Watching the World
▪ Last year was “the warmest on record in the Northern Hemisphere” and the “second warmest globally.” “Eight of the 10 warmest years [on record] have occurred within the last decade.”—BBC NEWS, BRITAIN.
▪ The 2005 Atlantic hurricane season was the “busiest” and “arguably . . . the most devastating” on record. Seven out of the 14 hurricanes recorded registered wind speeds in excess of 110 miles [177 km] per hour.—U.S. NATIONAL OCEANIC AND ATMOSPHERIC ADMINISTRATION.
▪ “In 1850, there were more than 150 glaciers in Glacier National Park in Montana [U.S.A.]. Now there are 27.”—THE WALL STREET JOURNAL, U.S.A.
▪ “The blunt truth about the politics of climate change is that no country will want to sacrifice its economy in order to meet this challenge.”—TONY BLAIR, BRITISH PRIME MINISTER.
Catholics From “House to House”?
According to Cláudio Hummes, archbishop of São Paulo, the proportion of Brazilians who are Catholic has fallen from 83 percent to 67 percent over the last 14 years. The prelate blames the church’s “inability, for various reasons, to preach the gospel to its baptized members thoroughly.” Says Hummes: “We have to reach out to the faithful, from house to house, in the schools, in institutions, and not just in the parishes.” Folha Online notes that this work will have to be undertaken by laity who are trained as missionaries. A shortage of priests is one of the major problems facing the Catholic Church in Brazil and in the rest of Latin America as a whole.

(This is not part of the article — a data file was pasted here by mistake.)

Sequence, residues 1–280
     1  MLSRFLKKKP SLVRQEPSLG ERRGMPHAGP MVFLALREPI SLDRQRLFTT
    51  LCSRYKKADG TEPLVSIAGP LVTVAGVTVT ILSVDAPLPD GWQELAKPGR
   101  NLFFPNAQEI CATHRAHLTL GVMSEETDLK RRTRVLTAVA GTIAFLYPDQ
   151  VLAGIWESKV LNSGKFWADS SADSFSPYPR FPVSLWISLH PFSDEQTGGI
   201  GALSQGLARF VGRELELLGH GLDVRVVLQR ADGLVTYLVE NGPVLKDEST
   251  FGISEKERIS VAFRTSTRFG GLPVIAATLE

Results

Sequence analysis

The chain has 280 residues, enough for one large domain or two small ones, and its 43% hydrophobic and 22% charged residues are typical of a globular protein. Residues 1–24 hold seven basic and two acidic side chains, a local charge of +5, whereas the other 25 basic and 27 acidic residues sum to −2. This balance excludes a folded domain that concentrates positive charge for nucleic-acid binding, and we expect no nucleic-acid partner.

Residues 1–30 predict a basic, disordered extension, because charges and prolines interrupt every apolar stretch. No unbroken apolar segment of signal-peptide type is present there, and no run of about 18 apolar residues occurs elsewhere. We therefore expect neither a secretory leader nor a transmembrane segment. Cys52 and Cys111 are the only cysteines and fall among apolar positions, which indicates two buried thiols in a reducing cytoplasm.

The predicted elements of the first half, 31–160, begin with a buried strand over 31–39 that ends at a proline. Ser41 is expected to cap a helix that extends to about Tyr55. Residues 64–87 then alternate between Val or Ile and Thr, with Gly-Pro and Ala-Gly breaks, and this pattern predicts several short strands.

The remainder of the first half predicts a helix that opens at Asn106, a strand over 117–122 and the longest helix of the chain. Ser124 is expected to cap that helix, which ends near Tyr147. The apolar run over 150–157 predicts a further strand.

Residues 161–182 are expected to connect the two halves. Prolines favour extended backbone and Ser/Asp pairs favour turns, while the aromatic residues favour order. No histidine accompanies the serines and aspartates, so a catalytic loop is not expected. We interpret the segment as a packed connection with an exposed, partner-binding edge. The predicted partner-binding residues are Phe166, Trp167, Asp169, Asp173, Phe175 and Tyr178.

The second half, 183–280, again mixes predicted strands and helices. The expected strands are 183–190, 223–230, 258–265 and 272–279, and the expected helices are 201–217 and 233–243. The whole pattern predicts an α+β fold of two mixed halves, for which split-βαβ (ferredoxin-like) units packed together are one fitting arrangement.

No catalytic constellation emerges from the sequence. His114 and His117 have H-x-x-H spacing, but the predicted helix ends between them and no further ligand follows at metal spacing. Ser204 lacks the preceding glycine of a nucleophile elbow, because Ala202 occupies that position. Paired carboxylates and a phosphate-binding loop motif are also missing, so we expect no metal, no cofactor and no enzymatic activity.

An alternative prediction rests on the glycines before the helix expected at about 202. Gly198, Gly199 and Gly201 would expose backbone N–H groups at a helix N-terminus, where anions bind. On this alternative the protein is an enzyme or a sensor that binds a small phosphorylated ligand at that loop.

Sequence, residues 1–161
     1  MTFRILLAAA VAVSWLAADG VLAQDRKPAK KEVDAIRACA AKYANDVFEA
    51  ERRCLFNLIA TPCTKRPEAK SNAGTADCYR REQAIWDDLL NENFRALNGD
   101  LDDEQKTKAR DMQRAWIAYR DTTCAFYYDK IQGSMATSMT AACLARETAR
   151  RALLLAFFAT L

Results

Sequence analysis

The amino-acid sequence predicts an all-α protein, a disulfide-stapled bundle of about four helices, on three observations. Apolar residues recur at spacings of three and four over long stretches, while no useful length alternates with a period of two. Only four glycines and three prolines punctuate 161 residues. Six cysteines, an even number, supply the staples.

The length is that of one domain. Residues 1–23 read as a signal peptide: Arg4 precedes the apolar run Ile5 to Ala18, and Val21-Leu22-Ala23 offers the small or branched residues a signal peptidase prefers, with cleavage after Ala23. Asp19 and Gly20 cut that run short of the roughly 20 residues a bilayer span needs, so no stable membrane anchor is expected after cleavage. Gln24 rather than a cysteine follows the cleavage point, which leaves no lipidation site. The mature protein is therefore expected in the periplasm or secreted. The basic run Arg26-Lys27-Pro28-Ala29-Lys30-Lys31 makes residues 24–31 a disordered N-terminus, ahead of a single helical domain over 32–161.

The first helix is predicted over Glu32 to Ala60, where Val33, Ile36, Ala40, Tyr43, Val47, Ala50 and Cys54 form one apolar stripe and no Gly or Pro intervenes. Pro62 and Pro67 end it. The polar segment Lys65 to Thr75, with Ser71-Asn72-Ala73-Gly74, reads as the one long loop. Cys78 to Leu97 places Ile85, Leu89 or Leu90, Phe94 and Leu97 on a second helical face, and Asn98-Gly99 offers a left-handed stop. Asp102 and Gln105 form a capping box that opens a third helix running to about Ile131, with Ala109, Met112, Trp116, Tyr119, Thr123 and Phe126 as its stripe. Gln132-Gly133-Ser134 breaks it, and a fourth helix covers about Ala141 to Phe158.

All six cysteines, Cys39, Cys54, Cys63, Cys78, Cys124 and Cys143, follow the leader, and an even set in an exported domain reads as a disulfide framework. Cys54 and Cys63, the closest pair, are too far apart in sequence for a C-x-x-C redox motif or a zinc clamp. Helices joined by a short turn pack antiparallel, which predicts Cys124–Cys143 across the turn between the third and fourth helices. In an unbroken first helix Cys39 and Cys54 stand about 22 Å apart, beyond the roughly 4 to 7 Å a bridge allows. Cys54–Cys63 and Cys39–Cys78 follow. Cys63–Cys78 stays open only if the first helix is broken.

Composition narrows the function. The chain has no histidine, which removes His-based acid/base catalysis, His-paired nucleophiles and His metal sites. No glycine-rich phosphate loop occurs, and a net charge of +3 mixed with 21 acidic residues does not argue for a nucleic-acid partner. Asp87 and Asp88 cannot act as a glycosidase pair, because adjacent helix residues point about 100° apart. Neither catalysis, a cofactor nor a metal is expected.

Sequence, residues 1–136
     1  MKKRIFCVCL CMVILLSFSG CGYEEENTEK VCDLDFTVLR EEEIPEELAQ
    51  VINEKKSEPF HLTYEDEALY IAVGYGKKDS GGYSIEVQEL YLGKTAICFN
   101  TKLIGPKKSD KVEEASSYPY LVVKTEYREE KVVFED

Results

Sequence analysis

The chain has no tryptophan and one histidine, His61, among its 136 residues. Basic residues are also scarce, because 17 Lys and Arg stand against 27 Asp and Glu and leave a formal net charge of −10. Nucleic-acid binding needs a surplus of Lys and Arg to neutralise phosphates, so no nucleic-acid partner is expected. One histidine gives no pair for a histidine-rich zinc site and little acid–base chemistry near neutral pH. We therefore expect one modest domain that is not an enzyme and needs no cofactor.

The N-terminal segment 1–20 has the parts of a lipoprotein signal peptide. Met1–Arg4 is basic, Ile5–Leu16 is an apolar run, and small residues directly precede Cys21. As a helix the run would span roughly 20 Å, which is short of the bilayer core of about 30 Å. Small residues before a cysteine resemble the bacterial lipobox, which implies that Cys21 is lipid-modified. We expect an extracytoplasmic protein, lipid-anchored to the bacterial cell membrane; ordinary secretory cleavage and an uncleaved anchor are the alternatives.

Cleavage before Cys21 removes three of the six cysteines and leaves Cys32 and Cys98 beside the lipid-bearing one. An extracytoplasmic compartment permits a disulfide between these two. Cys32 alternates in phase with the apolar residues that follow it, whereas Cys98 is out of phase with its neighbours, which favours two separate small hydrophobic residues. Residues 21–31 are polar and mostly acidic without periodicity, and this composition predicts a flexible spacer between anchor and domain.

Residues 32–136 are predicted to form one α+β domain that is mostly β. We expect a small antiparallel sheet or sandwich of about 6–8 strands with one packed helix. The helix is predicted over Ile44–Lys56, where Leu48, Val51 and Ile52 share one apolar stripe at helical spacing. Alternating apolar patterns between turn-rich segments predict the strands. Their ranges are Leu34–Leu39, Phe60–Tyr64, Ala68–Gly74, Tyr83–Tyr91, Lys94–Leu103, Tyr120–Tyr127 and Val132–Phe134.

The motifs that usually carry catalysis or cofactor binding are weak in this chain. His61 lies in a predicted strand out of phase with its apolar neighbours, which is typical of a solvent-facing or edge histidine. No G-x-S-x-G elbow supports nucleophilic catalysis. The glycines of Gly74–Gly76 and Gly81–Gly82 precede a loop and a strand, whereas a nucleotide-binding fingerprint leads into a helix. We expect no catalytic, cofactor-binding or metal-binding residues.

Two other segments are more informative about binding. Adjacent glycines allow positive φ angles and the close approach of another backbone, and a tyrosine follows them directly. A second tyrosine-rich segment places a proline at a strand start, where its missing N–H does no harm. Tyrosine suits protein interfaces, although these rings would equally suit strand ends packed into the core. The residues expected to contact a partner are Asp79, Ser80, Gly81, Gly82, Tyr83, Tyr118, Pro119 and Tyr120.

Legal Recognition in Germany
In a decision published on February 10, 2006, the Federal Administrative Court in Leipzig, Germany, ruled that the State of Berlin must recognize the Religious Association of Jehovah’s Witnesses in Germany as a public corporation. This ended a 15-year-long legal battle, during which the case was reviewed by several different German courts, including the Federal Constitutional Court. As a public corporation, the Religious Association of Jehovah’s Witnesses in Germany is entitled to tax exemptions and other privileges enjoyed by the country’s major religious denominations.
Chinese Youth Addicted to Internet Games
“Internet game addiction is rife among China’s youth,” says Hong Kong’s South China Morning Post. The phenomenon is also evident among youngsters from other areas of the Orient, such as Hong Kong, Japan, and the Republic of Korea. The newspaper notes: “The growing desire to plug in and tune out reflects a backlash against society’s stranglehold on kids that stems from parents’ weighty expectations and cutthroat competition to get into university.” It is estimated that up to six million Chinese children need help to overcome the addiction.